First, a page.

"Having decision-making power; having access to information and resources; having a range of options from which to make choices; assertiveness; a feeling that the individual can make a difference; learning to think critically; learning the conditioning; seeing things differently; learning about and expressing anger; feeling part of a group; understanding that people have rights; effecting change in one's life and one's community; learning skills that the individual defines as important; changing others' perceptions of one's competency and capacity to act; coming out of the closet; growth and change that is never ending and self-initiated; and, increasing one's positive self-image and overcoming stigma" (Chamberlin, 1997).
This definition seems to be all-inclusive. It can be used for both the patient and the nurse. Sometimes patients feel that they have no power to act outside of what the medical professionals tell them, but, in reality, they have all of the power to act or not to. The nurse has less power because he or she does come under the authority of the hospital and the orders that are given, but they do have the power of "assertiveness" which they should exercise in deference to the patient's wishes.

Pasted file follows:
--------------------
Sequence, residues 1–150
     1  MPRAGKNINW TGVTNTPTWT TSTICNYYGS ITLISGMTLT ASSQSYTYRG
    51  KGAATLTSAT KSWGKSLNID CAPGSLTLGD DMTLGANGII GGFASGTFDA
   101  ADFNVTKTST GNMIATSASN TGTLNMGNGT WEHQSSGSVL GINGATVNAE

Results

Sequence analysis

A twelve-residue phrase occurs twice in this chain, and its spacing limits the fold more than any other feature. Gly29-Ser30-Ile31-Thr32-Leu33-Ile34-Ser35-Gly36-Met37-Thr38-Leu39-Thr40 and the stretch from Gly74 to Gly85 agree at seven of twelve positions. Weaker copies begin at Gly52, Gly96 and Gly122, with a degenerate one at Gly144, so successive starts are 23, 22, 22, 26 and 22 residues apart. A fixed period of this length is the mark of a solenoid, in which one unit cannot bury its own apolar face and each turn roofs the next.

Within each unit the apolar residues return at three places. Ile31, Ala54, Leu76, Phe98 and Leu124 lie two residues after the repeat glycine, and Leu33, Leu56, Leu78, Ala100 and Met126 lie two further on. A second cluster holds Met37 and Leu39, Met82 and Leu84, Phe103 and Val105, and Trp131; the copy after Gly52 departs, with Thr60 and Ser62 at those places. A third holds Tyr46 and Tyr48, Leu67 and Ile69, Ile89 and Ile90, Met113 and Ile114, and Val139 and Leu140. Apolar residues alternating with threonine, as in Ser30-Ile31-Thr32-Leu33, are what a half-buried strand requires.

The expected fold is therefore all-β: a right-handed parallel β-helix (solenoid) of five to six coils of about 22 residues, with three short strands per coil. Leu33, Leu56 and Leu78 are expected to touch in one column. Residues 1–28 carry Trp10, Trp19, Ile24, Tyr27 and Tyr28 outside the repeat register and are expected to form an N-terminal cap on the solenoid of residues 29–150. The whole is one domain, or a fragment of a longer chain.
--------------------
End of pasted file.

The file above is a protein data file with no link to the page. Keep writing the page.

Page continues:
There has been much written about the concept of empowerment besides just simple, or complex, definitions of the concept. A literature review of how empowerment is treated in the literature is a necessary addition to any discussion of the construct.
Many times the concept has been used in accordance with some population (such as women, patients, etc.) who had been denied certain types of power in the past, or empowerment can be a personal journey through which a person goes (Sadan, 2004). Paula San Pedro (2006) has concluded from her research, and that of the FRIDE group, that empowerment "can be regarded from a rhetorical and a theoretical perspective as an efficient tool for conflict prevention and peace building in the broad sense." These definitions correlate to the ones mentioned above, but give an even broader perspective of empowerment.